When weathering and erosion exposed the edge of the rock layer cake, the weak layers were broken down and carried away more quickly than the strong layers. When a thick strong layer has weak layers of rock beneath it, the weak layers will be removed by water, ice and wind leaving the strong layer unsupported as in Figure b. Eventually the overhanging strong layer breaks off and falls, forming a cliff or escarpment as in Figure c. Over time the pieces of the strong rock will be broken up and carried away. More of the weak layers will then be removed until the strong layer collapsed again. This cycle of erosion and collapses is repeated over and over and the escarpment gradually retreats in the direction of the erosion.
A series of sketches showing escarpment retreat from a to c.
This process has been going on since the time of the dinosaurs. The process was very slow; taking place in environments that gradually changed from quite warm too much colder as North America slowly drifted north. Glaciers were formed, advanced and retreated. The last glacier retreated from the Niagara Escarpment about 12,000 years ago.
Glacier movements and their melt waters leave clues on the land – the lithosphere – that can be used to reconstruct ice age events. For example, spillways and outliers can be seen on the landscape. See 4.2.1c and 4.2.1d for evidence you can find on the land today.
Impacts of climate change on water – the hydrosphere, and life forms – the biosphere – are seen in sections 4.2.2 and 4.2.3
- Find a contour map that includes the Great Lakes Basin in US and Canada. Look at elevations and find the elevation of the edge of the Michigan Basin. Hint check out the Niagara Escarpment first.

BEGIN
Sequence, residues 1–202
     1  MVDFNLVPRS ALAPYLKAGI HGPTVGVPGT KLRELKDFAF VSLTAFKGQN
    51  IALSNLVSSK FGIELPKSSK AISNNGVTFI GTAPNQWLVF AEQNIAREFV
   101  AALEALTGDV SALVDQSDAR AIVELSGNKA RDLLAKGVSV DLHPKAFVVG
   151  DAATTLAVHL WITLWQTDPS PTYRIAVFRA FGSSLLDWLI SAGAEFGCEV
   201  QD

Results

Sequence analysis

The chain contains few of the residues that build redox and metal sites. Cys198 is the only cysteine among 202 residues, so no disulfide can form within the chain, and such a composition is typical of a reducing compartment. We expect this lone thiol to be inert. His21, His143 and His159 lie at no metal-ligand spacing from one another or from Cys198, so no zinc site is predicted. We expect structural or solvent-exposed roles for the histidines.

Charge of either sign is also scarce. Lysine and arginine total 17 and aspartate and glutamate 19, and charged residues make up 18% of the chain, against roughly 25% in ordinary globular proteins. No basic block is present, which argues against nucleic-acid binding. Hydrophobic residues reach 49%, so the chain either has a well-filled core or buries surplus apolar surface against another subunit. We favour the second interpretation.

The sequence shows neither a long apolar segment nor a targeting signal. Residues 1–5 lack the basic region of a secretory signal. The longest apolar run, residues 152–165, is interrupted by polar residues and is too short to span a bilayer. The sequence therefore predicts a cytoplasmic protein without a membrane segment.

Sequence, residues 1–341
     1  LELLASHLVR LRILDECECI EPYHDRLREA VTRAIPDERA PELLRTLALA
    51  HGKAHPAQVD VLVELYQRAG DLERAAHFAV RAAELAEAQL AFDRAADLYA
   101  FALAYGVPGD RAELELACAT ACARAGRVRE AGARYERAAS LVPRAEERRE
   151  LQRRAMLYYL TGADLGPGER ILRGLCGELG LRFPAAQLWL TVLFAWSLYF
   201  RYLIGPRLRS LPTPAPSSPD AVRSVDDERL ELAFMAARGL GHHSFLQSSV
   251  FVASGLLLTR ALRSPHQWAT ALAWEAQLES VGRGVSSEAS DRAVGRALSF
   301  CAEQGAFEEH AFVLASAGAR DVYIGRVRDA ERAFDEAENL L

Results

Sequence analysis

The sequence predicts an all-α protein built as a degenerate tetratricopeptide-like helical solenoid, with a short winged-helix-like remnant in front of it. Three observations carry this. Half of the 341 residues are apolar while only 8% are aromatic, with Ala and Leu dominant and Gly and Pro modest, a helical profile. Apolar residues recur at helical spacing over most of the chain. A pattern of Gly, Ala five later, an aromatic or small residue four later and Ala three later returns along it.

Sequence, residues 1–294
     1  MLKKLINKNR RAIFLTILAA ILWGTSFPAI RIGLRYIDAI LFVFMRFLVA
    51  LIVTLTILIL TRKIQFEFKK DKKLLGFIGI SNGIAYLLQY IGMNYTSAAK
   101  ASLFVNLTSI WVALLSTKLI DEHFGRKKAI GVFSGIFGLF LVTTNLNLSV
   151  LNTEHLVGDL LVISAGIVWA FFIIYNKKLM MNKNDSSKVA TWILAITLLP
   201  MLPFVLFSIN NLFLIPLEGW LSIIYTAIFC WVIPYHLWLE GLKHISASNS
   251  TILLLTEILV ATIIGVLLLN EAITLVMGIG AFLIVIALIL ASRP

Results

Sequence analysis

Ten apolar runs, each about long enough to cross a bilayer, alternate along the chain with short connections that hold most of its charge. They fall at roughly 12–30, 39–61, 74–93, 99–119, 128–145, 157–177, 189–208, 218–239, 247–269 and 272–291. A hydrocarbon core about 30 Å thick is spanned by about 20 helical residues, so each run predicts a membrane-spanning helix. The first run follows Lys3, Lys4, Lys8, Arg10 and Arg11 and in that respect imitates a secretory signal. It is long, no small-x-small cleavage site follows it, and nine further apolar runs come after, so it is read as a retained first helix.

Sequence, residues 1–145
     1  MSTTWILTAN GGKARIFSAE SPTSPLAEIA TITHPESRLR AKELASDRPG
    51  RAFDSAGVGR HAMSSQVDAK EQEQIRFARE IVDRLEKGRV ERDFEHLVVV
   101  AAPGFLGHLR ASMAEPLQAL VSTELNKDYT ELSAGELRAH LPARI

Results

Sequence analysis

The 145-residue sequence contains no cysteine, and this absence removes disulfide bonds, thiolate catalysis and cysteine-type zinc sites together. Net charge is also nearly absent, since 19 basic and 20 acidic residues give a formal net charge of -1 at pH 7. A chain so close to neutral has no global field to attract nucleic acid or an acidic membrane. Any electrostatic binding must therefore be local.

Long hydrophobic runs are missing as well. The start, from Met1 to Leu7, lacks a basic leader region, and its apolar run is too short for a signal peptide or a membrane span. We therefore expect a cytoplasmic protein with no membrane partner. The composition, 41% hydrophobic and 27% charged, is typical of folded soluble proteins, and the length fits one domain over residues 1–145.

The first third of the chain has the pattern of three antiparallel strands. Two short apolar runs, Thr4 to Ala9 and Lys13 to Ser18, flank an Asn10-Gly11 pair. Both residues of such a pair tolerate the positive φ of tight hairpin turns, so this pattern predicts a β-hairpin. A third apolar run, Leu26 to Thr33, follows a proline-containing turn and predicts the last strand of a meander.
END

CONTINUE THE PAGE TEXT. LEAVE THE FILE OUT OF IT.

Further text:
- a) When was it a sea?
b) How do we know that this was a tropical zone then?
- What do we see now when hiking or driving about the area? Check the first photo in this section.
- a) Define escarpment.
b) Name the Ontario trail that runs 750 kms along the escarpment.
- What role does erosion play?
- Why does talus always form at the bottom of these slopes?
ACTIVITY 2 – Research:
There are ancient cedars, over a thousand years old, living in the cracks along the Bruce Peninsula – check out the science behind these done by Doug Larson and Cliff Ecology Research Group (CERG) www.uoguelph.ca/botany/research/cerg/index.html
Look for other clues to discover the history of geological and glacial activity both on the ground and in historic maps and diaries. See Roger Chittenden’s reconstruction of the events following the retreat of the last glacier from the Crawford Lake, Bronte Creek and Hamilton area by using air photos, contour maps and historic documents.
Pollen core science documents the succession of vegetation since the retreat of the glaciers See 4.1.e for the pollen core results from Mono Cliffs Provincial Park, McCarston’s Lake. Jock McAndrews team from University of Toronto have been carrying out this research across southern Ontario.
Written works by Walter Tovell are the key to understanding what you see when touring the area eg The Niagara Gorge.